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LIZ DREIER | Nothing old can stay

Going into the second year of this pandemic, I reached an all-time low last month: I started cleaning out closets.  
Liz Dreier Column 08312020
Liz Dreier

Going into the second year of this pandemic, I reached an all-time low last month when I started cleaning out closets.  

To be honest, it wasn’t my idea. My better half, who resides in his basement office most of the time working on “important business,” emerged from the depths one Saturday afternoon and announced: “It’s time to organize the basement closet! I can’t get the doors to close!”

Immediately, I dropped the crossword puzzle I was working on and followed him to his man cave. I could see that the bi-fold doors of the aforementioned closet stood permanently ajar. Coats dating from as far back as 1942 were jammed together on the rod. Two large, plastic bins bulged with old Halloween costumes. Unmatched boots were wedged into the corners. There were several cardboard boxes we had inherited from my in-laws after they downsized 20 years ago. 

I grabbed a garbage bag and started filling it.

“Whoa, you don’t waste any time,” my darling said.

“Listen, I have other projects to work on. The sooner I get this done, the sooner I can get back to them.”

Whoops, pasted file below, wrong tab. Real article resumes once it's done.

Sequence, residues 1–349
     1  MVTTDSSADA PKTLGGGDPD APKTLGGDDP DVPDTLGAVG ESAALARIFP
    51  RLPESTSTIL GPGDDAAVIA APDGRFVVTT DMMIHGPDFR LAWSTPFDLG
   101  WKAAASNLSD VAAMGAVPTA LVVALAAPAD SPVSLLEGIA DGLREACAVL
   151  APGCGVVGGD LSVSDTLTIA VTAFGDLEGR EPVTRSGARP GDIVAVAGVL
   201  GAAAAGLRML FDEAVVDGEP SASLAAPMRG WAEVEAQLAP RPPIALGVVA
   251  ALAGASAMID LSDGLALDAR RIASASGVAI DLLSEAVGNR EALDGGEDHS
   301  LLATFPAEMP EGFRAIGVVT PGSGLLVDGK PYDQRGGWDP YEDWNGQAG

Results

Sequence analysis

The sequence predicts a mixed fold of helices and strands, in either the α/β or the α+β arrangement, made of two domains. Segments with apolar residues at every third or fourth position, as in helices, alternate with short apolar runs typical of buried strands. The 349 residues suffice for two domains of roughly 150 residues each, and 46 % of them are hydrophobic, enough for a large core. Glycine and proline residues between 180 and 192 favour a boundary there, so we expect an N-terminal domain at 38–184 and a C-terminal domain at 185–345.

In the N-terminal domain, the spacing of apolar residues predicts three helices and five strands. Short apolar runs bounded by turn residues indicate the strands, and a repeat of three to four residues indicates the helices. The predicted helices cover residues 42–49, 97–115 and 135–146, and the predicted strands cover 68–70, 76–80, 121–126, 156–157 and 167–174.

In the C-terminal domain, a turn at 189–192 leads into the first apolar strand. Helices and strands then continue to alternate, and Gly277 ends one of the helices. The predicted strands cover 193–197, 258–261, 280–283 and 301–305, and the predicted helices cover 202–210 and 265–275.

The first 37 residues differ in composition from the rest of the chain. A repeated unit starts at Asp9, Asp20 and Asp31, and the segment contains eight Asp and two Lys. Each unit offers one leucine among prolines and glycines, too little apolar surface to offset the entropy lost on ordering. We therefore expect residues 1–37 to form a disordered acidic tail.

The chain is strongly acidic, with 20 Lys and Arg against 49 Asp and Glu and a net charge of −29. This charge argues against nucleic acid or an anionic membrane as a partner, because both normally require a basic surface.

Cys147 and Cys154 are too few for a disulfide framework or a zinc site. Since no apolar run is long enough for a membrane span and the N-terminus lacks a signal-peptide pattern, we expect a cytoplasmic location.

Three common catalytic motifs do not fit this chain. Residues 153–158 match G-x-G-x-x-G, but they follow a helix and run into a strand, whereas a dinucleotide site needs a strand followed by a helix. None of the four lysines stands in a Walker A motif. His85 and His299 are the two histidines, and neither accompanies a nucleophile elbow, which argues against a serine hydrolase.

“Do you mean that puzzle you were working on?” 

“It keeps my brain active,” I told him. “You interrupted me when I was stuck on a clue. What’s a seven-letter word for “tyrant” that begins with 'husb' and ends with 'd'”?

“Very funny!”

After I finished the closet, I felt such a great sense of satisfaction that I started on the pantry. I threw out an old Kool-Aid Man pitcher that my kids had loved the handle off of, an ice tray from the 1950s with a removable metal spine in the middle, two pots without lids and a rusty egg beater that I couldn’t crank.  

After the pantry, I tackled the game shelves where I discovered duplicates of half a dozen board games that hadn’t even been opened. Santa must have been asleep at the switch on that one. I said “goodbye” to a singing book that didn’t sing anymore. Ditto for a cute little train with dried-up battery acid on the engine.

It was adios to the puzzle that was missing five pieces.

“You’re really on a roll here,” my managerial spouse commented, noshing on a snack.

“Oh, I’m just getting started. There are still two storage cupboards and a filing cabinet to go through.”

“Let me know when you’re finished so I can get back to my desk work,” he said. He and his snack disappeared upstairs. Curious, I checked his desk to see what he had been working on. It was a Wall Street Journal crossword puzzle.

As I looked around the basement, I felt gratified by the progress I had made; but there was still a lot of clutter left, most of it on the boss’s desk. 

I decided to help him out with that. Nobody needs that many back copies of the Wall Street Journal.